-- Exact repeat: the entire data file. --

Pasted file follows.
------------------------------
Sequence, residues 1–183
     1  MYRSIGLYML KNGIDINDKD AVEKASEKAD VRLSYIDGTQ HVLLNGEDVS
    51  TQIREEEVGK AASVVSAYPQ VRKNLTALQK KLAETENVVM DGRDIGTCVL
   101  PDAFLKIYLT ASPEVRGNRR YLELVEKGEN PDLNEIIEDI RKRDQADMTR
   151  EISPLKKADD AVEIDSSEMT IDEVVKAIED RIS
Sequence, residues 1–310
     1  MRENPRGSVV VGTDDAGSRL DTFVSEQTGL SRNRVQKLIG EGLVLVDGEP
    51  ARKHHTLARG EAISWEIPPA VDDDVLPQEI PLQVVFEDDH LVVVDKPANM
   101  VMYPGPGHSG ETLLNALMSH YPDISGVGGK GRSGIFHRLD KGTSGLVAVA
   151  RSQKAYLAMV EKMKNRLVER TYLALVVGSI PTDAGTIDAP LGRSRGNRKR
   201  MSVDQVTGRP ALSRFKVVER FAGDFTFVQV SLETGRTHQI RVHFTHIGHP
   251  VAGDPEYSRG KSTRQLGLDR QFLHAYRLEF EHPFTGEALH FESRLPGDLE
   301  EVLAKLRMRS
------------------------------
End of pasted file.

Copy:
Sequence, residues 1–183
     1  MYRSIGLYML KNGIDINDKD AVEKASEKAD VRLSYIDGTQ HVLLNGEDVS
    51  TQIREEEVGK AASVVSAYPQ VRKNLTALQK KLAETENVVM DGRDIGTCVL
   101  PDAFLKIYLT ASPEVRGNRR YLELVEKGEN PDLNEIIEDI RKRDQADMTR
   151  EISPLKKADD AVEIDSSEMT IDEVVKAIED RIS
Sequence, residues 1–310
     1  MRENPRGSVV VGTDDAGSRL DTFVSEQTGL SRNRVQKLIG EGLVLVDGEP
    51  ARKHHTLARG EAISWEIPPA VDDDVLPQEI PLQVVFEDDH LVVVDKPANM
   101  VMYPGPGHSG ETLLNALMSH YPDISGVGGK GRSGIFHRLD KGTSGLVAVA
   151  RSQKAYLAMV EKMKNRLVER TYLALVVGSI PTDAGTIDAP LGRSRGNRKR
   201  MSVDQVTGRP ALSRFKVVER FAGDFTFVQV SLETGRTHQI RVHFTHIGHP
   251  VAGDPEYSRG KSTRQLGLDR QFLHAYRLEF EHPFTGEALH FESRLPGDLE
   301  EVLAKLRMRS